Navigation apps such as Apple Maps have become a key part in a ton of people’s commute. With that being said, such apps need to be more aware of its surroundings more than ever. The New York Times details how Google Maps played a role in a fatal accident in 2015 on railroad tracks in California in a new report.
Following directions from Google Maps on a smartphone last year, Jose Alejandro Sanchez-Ramirez turned a Ford truck, hauling a trailer, where he thought the app was telling him to go. But he ended up stuck on the railroad tracks at a poorly marked California crossing.
Soon after Mr. Sanchez-Ramirez abandoned the truck, a commuter train barreled into it, killing the engineer and injuring 32 others.
Now two-years later, the National Transportation Safety Board is asking companies such as Apple and Google to implement over 200,000 grade crossings locations to their mapping data.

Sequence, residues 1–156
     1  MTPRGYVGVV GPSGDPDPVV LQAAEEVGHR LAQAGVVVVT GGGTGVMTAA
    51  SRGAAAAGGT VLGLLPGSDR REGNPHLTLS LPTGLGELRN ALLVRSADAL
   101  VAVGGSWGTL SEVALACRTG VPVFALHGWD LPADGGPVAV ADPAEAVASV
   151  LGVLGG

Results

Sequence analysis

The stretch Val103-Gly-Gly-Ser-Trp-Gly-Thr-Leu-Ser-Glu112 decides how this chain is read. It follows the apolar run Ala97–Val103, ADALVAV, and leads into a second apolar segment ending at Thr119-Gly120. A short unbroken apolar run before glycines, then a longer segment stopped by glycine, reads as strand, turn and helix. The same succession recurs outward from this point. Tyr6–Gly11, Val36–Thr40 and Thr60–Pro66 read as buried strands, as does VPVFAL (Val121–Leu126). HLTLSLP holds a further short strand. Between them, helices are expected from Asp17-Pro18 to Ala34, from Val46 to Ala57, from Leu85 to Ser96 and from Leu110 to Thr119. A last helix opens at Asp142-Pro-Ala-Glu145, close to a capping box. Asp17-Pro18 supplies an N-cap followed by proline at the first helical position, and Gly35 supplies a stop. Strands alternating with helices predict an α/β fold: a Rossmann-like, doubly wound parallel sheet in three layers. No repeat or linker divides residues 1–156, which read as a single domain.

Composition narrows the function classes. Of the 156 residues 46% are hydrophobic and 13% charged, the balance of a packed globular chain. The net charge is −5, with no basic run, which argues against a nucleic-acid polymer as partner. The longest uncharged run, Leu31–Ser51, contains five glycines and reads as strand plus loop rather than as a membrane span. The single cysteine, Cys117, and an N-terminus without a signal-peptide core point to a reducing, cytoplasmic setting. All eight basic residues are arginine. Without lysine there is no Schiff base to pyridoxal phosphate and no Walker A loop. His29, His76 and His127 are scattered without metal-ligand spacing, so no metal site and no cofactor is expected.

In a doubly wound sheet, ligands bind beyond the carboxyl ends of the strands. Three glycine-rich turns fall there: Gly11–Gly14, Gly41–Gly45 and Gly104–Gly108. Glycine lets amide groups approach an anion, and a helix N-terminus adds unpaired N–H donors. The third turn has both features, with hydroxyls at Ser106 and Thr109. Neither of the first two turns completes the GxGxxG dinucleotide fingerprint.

A grade crossing is a location where both the road and railway lines are at the same level. This may make it difficult for drivers to discern where the mapping application is telling them to turn.
In most cases, grade crossing isn’t marked with gates or blinking lights but rather with a crossing sign or a white “X” marked with “railroad crossing.” This may cause some drivers to not notice the tracks, potentially crossing at a dangerous time, or turn onto the tracks and get stuck.
At this time it’s unclear whether or not Google or Apple will implement such data, but it would be in their best interest to do so.